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326 Language Learning Vol. 46, No.

Extraction of Subjects from Infinitival Clauses Language Learning 46:2, J u n e 1996, pp. 327-369
43. Who does Ann want to win the election?
44. Who does Ann want to arrest the thief?
45. Who does Tom expect to fire Jane?
46. Who does Jane expect to go with Bill?
47. Who does Bill believe to' hate the manager? Review Article
48. Who does Tom believe to be the best player? The Case Against Grammar Correction
Extraction of Objects from Infinitival Clauses in L2 Writing Classes
49. What does Bill want to win?
50. Who do the police want to arrest?
51. Who does Tom expect to fire? John Truscott
52. Who does Ann expect to go with? National Tsing Hua University
53. Who does Bill believe her to hate?
54. Who does Ann believe the best player to be?
The paper argues that grammar correction in L2 writ-
Garden Path Stimuli ing classes should be abandoned, for the following reasons:
(a) Substantial research shows it tobe ineffective and none
GP: Optional Intransitives shows it. to be helpful in any interesting sense; (b) for both
55. After Bill drank the water proved to be poisoned. theoretical and practical reasons, one can expect it to be
56. Before Mary ate the pizza was already cold. ineffective; and (c) it has harmful effects. I also consider
57. Before Tom drank the beer was already finished. and reject a number of arguments previously offered in
favor of grammar correction.
58. After Jane left the building was destroyed by fire.

Non-GP Intransitive (Controls)


59. After Sam arrived the guests began to eat and drink. In second language (L2) writing courses, grammar correction
60. Before Tom fell the thief hit him on the head. is something of an institution. Nearly all L2 writing teachers do
61. After Jane fell the man took her to the doctor. it in one form or another; nearly everyone who writes on the
62. Before Ann arrived the waiter put the plates on the table. subject recommends it in one form or another. Teachers and
researchers hold a widespread, deeply entrenched belief that
GP: Outside Theta: Theta Reanalysis Constraint Violated
67. Sam warned the student cheated on the exam. grammar correction should, even must, be part of writing courses.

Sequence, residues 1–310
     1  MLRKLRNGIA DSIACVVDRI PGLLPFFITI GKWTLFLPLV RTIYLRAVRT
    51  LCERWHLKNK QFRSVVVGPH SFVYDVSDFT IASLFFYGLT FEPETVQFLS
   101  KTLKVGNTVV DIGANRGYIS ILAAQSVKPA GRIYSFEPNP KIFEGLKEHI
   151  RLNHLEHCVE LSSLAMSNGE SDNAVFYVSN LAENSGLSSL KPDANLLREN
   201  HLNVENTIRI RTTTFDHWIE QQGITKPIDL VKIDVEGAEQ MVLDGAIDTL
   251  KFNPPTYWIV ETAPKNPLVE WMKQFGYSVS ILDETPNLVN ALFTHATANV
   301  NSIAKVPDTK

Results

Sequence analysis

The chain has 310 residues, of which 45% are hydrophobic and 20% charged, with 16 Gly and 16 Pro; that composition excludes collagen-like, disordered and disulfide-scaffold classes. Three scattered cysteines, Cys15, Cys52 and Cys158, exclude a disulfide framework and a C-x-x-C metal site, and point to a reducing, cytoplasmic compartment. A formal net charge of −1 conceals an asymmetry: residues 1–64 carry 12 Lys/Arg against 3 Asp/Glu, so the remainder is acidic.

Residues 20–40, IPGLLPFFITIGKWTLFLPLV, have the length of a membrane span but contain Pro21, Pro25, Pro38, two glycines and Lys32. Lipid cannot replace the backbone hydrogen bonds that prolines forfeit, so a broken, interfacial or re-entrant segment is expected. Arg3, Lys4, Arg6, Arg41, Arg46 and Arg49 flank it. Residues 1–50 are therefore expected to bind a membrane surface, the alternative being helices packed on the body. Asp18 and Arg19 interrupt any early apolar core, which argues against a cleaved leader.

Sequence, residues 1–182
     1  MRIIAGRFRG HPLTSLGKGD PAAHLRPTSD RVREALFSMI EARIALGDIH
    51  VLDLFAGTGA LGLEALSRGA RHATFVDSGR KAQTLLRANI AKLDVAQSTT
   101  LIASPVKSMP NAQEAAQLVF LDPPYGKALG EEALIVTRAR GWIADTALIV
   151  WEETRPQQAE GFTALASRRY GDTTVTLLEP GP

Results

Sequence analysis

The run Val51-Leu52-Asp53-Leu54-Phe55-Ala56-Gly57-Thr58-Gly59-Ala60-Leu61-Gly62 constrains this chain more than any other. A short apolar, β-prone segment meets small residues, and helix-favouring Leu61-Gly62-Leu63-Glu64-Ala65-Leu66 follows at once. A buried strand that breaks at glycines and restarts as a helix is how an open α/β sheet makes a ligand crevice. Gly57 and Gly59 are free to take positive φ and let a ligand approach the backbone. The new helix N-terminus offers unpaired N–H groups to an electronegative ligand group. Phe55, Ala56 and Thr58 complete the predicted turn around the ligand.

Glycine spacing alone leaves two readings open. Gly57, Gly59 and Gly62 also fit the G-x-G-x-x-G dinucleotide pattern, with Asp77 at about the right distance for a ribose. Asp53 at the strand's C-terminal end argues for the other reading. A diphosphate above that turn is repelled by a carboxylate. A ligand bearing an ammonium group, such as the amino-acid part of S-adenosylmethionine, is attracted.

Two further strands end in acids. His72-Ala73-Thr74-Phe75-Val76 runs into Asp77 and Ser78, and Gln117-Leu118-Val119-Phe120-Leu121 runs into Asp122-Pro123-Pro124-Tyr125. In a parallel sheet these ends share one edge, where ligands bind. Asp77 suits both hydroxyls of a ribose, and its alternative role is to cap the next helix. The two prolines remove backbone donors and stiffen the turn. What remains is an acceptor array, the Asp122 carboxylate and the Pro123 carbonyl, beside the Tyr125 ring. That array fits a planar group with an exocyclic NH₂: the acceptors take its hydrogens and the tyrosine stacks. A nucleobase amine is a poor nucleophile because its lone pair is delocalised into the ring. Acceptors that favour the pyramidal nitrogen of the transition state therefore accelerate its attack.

68. Ann convinced her friends were unreliable. But on what do they base this belief? The literature contains
69. Jane warned her son did not like cheese.
70. Jane convinced her parents are interested in their children.
This paper has benefitted from the comments of Nathan Jones, Johanna
Non-GP Inside Theta. (Non-GP Controls) Katchen, Hsien-Chin Liou, and Yenlung Shieh; not, of course, that these
71. Jane knew her mother hated Tom. helpful people agree with everything I have to say.
72. Bill suspected his teacher disliked him. Correspondence concerning this article should be addressed to the author
73. Tom knew his friend liked Jane. at Department of Foreign Languages, National Tsing Hua University,
74. Ann suspected the car salesman was dishonest. Hsinchu, Taiwan. Internet: truscott@fl.nthu.edu.tw.

327
328 Language Learning Vol. 46, No. 2 Truscott 329

few serious attempts to justify the practice on empirical grounds; Before proceeding with the argument, though, I need to
those t h a t exist pay scant attention to the substantial research clarify a few points. First, I do not deny the value of grammatical
t h a t h a s found correction ineffective or harmful. Most writing on accuracy; the issue is whether or not grammar correction can
t h e subject simply takes the value of g r a m m a r correction for contribute to its development. Nor do I generally reject feedback
granted. Thus, authors often assume t h e practice is effective, as a teaching method; I will have very little to say about responses
without offering any argument or citing any evidence. When to the content, organization, or clarity of a composition, for
someone cites evidence, it generally consists of only one or two instance, and I certainly will not suggest that such responses are
token sources, with no critical assessment "of them. misguided. Finally, the key term needs some clarification: By
Researchers have similarly failed to look critically at the grammar correction, I mean correction of grammatical errors for
n a t u r e of the correction process. Work on the subject rarely the purpose of improving a student's ability to write accurately.
considers the m a n y practical problems involved in g r a m m a r This correction comes in many different forms, but for present
correction and largely ignores a n u m b e r of theoretical issues purposes such distinctions have little significance, simply because
which, if taken seriously, would cast doubt on its effectiveness. there is no reason to think any of the variations should be used in
Finally, researchers have paid insufficient attention to the writing classes, and there is considerable reason to think they are
side effects of grammar correction, such as its effect on students' all misguided.
attitudes, or the way it absorbs time and energy in writing classes.
Commentators seem to feel that we cannot eliminate such prob-
lems through limited adjustments in the correction process, so we G r a m m a r Correction Does Not Work
simply have to live with them. They assume t h a t g r a m m a r
A large number of studies have attempted to show the effects
correction m u s t be used in writing classes, regardless of the
(or lack of effects) of g r a m m a r correction. Their general logic is
problems it creates; this assumption is very rarely discussed
straightforward: The researchers compare the writing of students
seriously.
who have received g r a m m a r correction oyer a period of time with